Organizers of indoor events with more than 5,000 people, such as a basketball game, will also be required to verify that attendees are either fully vaccinated or have tested negative within 72 hours of the event’s start time.
The same will be recommended, but not required, for organizers of outdoor events with more than 10,000 attendees. In those instances, venues will have the option of allowing unvaccinated and untested attendees, provided those people wear a mask at all times.
Workplaces also will still be subject to any relevant rules set by the California Division of Occupational Safety and Health, or Cal/OSHA.
The California workplace safety board suggested it will move to allow fully vaccinated employees to stop wearing masks while on the job, even around those who are not vaccinated.
What those standards should be has been the subject of much discourse in recent weeks, with members of the state’s Occupational Safety and Health Standards Board first rejecting, then voting to approve and then ultimately rescinding a slate of regulations that would have required fully vaccinated workers to keep their masks on in certain situations.
Though they haven’t yet been officially released, the latest proposed rules are expected to be consistent with the state’s mask guidance and should go before the board for consideration Thursday.
“We’ll get where we need to go, and I have all the confidence in the world we’ll get there,” Newsom said.
The June 15 reopening will represent the most substantial return to normal since the pandemic began. But as Dr. Mark Ghaly, California’s health and human services secretary, emphasized Friday, “a lot of things change, but not our vigilance. And the contact tracing, disease investigation and outbreak investigation and management is going to be top of mind.”
“June 15 means, to me, a big pat on the back to so many Californians for making sacrifices, you know, rolling with the punches on something that we’ve never seen before, at least in our lifetime,” he said during a virtual conversation hosted by the Public Policy Institute of California.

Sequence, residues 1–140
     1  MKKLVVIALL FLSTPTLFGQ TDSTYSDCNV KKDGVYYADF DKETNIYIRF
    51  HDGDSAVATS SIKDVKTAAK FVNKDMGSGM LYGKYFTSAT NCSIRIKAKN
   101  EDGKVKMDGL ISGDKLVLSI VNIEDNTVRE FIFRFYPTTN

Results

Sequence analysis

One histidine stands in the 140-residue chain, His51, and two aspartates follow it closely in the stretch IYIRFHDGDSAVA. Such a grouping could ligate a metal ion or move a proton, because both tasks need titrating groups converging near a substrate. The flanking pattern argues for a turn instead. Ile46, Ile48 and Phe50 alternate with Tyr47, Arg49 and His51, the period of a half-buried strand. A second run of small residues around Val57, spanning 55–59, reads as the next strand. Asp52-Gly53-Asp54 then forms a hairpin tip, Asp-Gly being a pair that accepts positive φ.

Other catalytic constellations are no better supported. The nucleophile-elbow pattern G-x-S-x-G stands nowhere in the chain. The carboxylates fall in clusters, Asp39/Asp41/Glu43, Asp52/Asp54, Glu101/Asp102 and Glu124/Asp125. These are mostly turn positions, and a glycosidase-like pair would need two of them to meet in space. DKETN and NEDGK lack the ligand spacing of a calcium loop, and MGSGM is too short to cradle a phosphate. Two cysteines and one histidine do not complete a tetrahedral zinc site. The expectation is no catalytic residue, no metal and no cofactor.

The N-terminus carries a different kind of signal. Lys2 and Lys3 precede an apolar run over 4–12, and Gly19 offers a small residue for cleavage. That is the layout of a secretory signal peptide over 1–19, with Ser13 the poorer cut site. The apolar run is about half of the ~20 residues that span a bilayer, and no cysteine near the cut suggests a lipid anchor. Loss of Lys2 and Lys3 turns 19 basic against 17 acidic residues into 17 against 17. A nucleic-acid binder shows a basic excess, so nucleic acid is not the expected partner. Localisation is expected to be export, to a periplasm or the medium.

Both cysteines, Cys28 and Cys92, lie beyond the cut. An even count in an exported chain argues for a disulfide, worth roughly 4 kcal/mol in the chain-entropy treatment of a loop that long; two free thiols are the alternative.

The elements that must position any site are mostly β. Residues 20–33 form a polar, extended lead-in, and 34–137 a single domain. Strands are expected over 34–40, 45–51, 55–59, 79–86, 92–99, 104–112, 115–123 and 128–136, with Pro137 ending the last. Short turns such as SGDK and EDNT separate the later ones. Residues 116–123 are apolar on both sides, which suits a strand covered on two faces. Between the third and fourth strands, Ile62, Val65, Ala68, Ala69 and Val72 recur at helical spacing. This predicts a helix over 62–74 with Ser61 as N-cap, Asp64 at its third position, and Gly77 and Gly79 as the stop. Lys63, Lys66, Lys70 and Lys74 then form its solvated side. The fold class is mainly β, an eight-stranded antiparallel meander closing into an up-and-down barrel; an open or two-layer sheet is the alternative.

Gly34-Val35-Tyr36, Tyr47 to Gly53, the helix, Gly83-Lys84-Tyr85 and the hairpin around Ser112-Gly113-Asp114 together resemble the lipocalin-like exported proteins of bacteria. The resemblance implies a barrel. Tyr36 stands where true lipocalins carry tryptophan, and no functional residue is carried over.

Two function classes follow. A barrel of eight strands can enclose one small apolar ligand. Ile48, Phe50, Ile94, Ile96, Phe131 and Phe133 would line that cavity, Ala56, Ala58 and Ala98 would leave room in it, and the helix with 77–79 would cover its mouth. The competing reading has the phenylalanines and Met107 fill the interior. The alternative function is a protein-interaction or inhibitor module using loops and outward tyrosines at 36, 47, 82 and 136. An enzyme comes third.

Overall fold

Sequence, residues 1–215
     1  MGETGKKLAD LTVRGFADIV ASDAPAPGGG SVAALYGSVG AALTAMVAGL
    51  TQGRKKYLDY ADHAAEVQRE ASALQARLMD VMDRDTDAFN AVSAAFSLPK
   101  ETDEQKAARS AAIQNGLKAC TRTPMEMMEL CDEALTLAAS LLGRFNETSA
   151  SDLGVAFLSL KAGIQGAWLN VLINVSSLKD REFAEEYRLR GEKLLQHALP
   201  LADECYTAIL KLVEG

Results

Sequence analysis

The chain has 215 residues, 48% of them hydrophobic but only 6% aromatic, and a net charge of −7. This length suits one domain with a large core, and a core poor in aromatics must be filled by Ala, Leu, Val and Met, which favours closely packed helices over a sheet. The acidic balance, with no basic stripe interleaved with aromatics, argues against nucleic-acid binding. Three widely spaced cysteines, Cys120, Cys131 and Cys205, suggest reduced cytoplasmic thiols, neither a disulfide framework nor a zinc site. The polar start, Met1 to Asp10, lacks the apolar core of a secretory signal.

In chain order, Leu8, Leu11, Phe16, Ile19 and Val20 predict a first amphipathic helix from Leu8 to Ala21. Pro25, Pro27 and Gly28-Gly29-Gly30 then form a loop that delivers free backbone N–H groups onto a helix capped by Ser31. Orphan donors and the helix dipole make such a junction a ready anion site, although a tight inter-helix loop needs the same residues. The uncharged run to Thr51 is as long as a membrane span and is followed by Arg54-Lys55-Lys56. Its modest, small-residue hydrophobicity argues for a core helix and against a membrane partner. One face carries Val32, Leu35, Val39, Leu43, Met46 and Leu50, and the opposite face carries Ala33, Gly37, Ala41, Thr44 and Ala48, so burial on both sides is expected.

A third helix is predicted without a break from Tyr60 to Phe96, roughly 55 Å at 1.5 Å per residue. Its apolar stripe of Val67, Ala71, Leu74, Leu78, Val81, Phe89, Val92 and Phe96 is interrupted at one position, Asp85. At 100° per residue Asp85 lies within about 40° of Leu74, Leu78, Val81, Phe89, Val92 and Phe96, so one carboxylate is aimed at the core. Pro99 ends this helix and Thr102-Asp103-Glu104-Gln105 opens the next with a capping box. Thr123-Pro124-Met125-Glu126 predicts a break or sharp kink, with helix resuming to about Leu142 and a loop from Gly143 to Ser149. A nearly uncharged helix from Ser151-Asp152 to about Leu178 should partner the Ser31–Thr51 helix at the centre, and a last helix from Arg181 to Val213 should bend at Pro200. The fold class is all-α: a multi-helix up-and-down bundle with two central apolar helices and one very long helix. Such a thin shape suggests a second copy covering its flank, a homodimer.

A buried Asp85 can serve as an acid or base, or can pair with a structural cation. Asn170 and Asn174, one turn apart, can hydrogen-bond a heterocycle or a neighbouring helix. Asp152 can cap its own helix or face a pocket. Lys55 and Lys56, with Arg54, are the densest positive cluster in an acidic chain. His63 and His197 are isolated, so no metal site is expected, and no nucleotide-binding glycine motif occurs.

Nearly 40 million COVID-19 vaccines have been administered statewide, and 68.3% of eligible Californians — those ages 12 and up — have gotten at least one dose, according to data from the federal Centers for Disease Control and Prevention.
However, only about 53.2% of that cohort has been fully vaccinated — meaning they’ve either gotten the single-shot Johnson & Johnson vaccine or both required doses of either Pfizer-BioNTech or Moderna.
Even with millions more Californians having yet to get their shots, the state’s vaccination pace has plunged in the last two months.
At the height of the inoculation campaign in April, providers statewide were administering about 400,000 vaccine doses per day on average, according to data compiled by The Times. The current vaccination pace is less than half that.
Given how many people have already been inoculated, it’s not surprising that fewer doses are going into arms now.
From a mathematical standpoint, fewer people overall remain in the vaccination queue — making it more challenging to sustain the pace seen earlier in the rollout. And from a practical perspective, those who have yet to roll up their sleeves may be hesitant about or resistant to getting the shots, or have run into barriers that prevent them from doing so.
However, officials note that continued slowdowns risk further lengthening the pandemic and that areas with lower levels of vaccine coverage will remain more vulnerable to potential outbreaks.
“While it is possible for us to have a successful reopening even with vaccination numbers slowing down, it would greatly increase our confidence in our ability to keep cases low if we saw greater vaccine uptake,” Los Angeles County Public Health Director Barbara Ferrer said this week.
Gov. Gavin Newsom, facing a recall election, draws the names of the first winners of California’s COVID-19 vaccine lottery in an upbeat event.
Though it doesn’t appear California’s 2-week-old incentive program has triggered a flood of new appointments, what had been a precipitous plunge has been momentarily halted and even slightly reversed, according to data compiled by The Times.
Providers statewide administered an average of 135,000 doses per day over the weeklong period ending Wednesday, The Times’ data show. That’s up from an average of about 119,000 doses per day over the previous seven-day period, which ran from May 27 — the day the vaccine lottery was announced — to June 2.
Newsom said California is “one of a handful of states” that have seen a recent week-over-week increase in dose administration.
“This program appears to be working,” he said.
But even with that uptick, the latest pace remains well below the rate seen during the week leading up to the reveal of the incentive program, when 188,000 doses were given out daily, on average.
Times staff writer Matt Stiles contributed to this report.